China’s potential contribution to Afghan geopolitics is complicated by Beijing’s lack of experience in navigating the treacherous terrain of South West Asian politics. But Beijing is a quick learner. China is also vulnerable to the extremist politics of the region that fan the flames of religious and ethnic separatism in China’s Muslim majority Xinjiang province.

Through the last four decades and more, Afghanistan has been the incubator of Islamic radicalism and a laboratory for its weaponisation for geopolitical ends. In the 1980s, the US-sponsored the Afghan jihad against the godless Soviet Union; since then the Islamic radicals have directed the jihad against the West. To make matters a little more complicated, some of the religious extremism is driven by sectarianism that rival Muslim powers leverage against each other. One of the biggest imponderables of the Afghan future is the kind of influence Islamic radicals might regain in the country under Taliban rule and its consequences for the subcontinent, Central Asia, and the Middle East.

The Afghan dynamics are not just about rivalries between big powers. Kabul’s neighbours have had much say in shaping Afghanistan’s evolution. Pakistan and Iran, which share long physical borders, have had the greatest natural influence on land-locked Afghanistan. In the 1960s and 1970s, the Shah of Iran took the regional lead on Afghanistan. After the fall of the Shah in 1979 and the hostility between Washington and the Islamic Republic, Pakistan became the frontline in the great game. The Gulf Arabs began to chip in too.

Iran’s stakes and ambitions in Afghanistan are high and the Islamic Republic contributed to the regional coalition against Taliban rule during 1996-2001. Iran’s regional influence has increased significantly over the last two decades and Tehran is bound to play a decisive part in Afghanistan’s future. The Iranian foreign minister, Javad Zarif, told the Raisina Dialogue in Delhi last week that a return to the 1990s and the restoration of the Taliban’s emirate in Afghanistan are simply not acceptable.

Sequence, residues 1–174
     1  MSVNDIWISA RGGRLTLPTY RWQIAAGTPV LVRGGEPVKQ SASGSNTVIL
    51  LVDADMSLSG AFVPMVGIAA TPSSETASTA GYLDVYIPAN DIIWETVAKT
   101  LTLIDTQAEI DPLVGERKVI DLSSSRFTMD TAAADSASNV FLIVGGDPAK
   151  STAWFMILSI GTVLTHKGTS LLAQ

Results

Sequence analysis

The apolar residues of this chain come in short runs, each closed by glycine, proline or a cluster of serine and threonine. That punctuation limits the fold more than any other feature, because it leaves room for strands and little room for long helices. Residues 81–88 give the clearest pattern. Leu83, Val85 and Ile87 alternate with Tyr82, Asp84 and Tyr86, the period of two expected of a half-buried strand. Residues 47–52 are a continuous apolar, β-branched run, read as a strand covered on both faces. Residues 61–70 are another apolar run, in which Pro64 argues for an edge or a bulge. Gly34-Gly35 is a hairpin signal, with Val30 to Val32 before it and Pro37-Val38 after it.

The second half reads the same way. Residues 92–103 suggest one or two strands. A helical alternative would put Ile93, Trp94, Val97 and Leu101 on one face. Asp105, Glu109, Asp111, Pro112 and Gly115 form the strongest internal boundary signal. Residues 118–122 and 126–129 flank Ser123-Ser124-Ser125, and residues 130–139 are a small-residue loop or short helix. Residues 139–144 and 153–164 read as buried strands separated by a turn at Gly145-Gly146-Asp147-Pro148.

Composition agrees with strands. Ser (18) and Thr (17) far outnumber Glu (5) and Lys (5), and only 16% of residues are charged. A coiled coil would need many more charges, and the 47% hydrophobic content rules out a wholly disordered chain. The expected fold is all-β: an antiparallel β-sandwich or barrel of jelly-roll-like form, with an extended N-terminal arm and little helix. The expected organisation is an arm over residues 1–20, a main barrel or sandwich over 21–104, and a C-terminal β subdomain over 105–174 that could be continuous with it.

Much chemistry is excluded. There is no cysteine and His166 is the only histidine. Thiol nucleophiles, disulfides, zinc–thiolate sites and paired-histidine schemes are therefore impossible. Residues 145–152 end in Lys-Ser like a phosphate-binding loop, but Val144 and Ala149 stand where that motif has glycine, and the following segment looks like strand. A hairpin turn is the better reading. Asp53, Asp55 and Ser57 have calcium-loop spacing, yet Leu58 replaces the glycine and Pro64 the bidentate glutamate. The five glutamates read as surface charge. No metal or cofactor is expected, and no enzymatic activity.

When the Taliban ruled Afghanistan, Saudi Arabia and the UAE were the only countries other than Pakistan to recognise the government-run by its leader, Mullah Omar. They have taken a back seat in the current round of Afghan diplomacy, but would certainly return to the centre stage sooner than later. Meanwhile, bold Qatar and ambitious Turkey have injected themselves into the Afghan jousting.

The focus on external powers should not give the impression that the local actors in Afghanistan are mere pawns. The opposite is true — they have agency of their own. All of them know how to manipulate external powers for their own ends in Afghanistan. The dominant image of the Taliban, for example, as a creature of the Pakistan army is misleading. The Taliban is quite capable of making independent deals with the rest of the world. The Taliban’s opponents, too, are likely to fight for their interests and will seek out external partners.

As the contradictions at the three levels — international, regional and local — intersect with each other, the new Afghan picture will be painted in multiple shades of grey. Several contentions unfolding in and around Afghanistan promise to reorder the region again. Delhi needs much strategic activism to secure its interests and promote regional stability in this flux. Discarding old hesitations and building new geopolitical coalitions will be critical for a successful Indian engagement with the Afghan microcosm.

This column first appeared in the print edition on April 20, 2021 under the title ‘The great Afghan microcosm’. The writer is director, Institute of South Asian Studies, National University of Singapore and contributing editor on international affairs for The Indian Express